institutions or sovereign states to place their funds. We provide
rating information from the major international rating agencies
through to the local authorities. We try to help and standardise
information because quite often the rating agencies use different
terminology to describe the same outcome. This information then
becomes part of a broader authority decision-making process into
which our input is one part of that process, but we have no further
part in that process.
These advisers suggest, essentially, that they are
an intelligence service, and a limited one at that (the reference
to "unfounded rumours" in Sterling's evidence seems
to suggest that they do not even weigh up and analyse the available
informationa very different business from passing on supposedly
privileged information). If this is their role, then it seems
relatively poor value for money. However, the evidence we received
suggested that this is not the role which many authorities thought
they were contracting for.
87. Howard Knight suggested that treasury management
advisers were back-pedalling on what they did for local authorities,
switching from the claim that they give "advice" to
the suggestion that what they offer is "specialist information".
Mark Horsfield from Arlingclose was the only treasury management
advisor who agreed that it was his role to provide both specialist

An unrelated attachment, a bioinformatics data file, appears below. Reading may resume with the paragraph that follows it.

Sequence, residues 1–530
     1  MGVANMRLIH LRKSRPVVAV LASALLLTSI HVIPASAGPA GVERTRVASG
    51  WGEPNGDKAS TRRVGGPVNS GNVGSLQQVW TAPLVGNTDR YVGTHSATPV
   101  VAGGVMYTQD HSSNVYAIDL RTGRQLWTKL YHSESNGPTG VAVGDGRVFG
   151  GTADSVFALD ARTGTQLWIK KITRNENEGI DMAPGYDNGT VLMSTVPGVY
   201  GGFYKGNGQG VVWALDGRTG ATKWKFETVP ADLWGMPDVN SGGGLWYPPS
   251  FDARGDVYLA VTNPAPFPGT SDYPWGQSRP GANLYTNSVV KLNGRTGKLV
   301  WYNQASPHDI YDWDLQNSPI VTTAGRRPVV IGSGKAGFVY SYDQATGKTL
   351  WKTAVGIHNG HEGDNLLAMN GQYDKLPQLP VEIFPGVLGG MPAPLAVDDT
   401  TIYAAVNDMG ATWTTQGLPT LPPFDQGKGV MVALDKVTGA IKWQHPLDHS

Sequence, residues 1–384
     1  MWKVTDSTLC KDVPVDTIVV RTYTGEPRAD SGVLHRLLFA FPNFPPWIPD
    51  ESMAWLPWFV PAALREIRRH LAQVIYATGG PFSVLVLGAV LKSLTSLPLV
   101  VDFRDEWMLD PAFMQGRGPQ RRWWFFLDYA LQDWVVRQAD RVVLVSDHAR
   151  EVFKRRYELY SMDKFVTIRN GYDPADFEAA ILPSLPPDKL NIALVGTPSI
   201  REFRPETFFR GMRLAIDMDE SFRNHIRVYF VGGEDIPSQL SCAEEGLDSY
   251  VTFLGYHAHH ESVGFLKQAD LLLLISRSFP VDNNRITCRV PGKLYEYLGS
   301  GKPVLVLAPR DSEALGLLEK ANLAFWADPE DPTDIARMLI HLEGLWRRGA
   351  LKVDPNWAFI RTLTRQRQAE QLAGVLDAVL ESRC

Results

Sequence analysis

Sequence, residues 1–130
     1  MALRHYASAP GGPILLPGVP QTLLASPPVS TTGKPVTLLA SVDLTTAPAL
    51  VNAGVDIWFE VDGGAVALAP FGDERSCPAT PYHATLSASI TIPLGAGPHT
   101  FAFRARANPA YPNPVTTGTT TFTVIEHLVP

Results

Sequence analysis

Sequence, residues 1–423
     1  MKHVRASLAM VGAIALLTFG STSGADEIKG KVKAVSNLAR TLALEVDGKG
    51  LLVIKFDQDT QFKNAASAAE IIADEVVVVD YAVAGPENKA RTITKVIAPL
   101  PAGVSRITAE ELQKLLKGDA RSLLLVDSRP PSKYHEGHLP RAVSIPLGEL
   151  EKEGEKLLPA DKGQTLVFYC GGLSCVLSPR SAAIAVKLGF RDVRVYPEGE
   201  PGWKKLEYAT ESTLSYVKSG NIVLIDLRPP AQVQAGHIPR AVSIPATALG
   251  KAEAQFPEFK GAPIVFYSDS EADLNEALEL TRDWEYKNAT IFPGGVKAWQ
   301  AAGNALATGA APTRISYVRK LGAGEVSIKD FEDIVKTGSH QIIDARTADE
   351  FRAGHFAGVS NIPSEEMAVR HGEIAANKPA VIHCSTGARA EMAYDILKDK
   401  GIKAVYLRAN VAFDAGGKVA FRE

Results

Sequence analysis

information and advice:
In terms of investment advice, which I suppose is
the key area the Committee is interested in, we do believe we
give investment advice. That is what we are mandated to do and
our clients tell us that they want access to information that
they do not have access to themselves. We gather information,
consider it and form a view from a wide range of sources, not
simply the credit rating agencies.
88. The LGA provided useful supplementary evidence
on the varied contracts that exist between local authorities and
the two treasury management adviser firms Sector and Butlers.
There is evidence from those contracts that both Sector and Butlers
are expected by local authorities to give advice, not just provide
information. The following, for example, is an excerpt from a
contract between a district council and Butlers:
Advice will be given with regards to the internal
management of funds. In conjunction with our interest rate forecasts
we will provide advice on the period of investment. Advice will
also be given on the use of both Specified and Non Specified investments.
In addition we will give specialist advice on specific investment
instruments that comply with the Councils' attitude to risk.
The investment service will include performance monitoring of
all products and an agreed exit strategy for existing instruments.
89. Similarly, the LGA quote a contract between a
district council and Sector, entitled a "Mandate for Treasury
Consultancy and Investment Advisory Services", which states
that Sector will provide:
Advice on investment counterparty credit worthiness,
including the provision of prudent parameters established in the
light of information from the UK's leading credit rating agency,
various other analysts as appropriate and associations.
90. Reading Borough Council has been a client of
both Sector and of Arlingclose. The Council sent us internal
documents relating to their treasury management activities, with
copies of e-mails from both Sector and Arlingclose. One exchange
between Reading and Sector in June 2006 is particularly relevant
because it discusses the provision of advice specifically about
with whom the council should invest its reserves (the so-called
"counterparties"). In one e-mail, Reading Borough Council